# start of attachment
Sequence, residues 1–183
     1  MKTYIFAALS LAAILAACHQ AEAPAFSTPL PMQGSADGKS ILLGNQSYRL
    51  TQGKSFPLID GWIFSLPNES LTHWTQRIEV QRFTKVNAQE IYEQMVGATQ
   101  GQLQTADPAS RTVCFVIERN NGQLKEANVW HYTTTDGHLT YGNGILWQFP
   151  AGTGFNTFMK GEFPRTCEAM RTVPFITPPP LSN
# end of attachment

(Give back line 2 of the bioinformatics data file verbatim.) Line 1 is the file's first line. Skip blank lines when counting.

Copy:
     1  MKTYIFAALS LAAILAACHQ AEAPAFSTPL PMQGSADGKS ILLGNQSYRL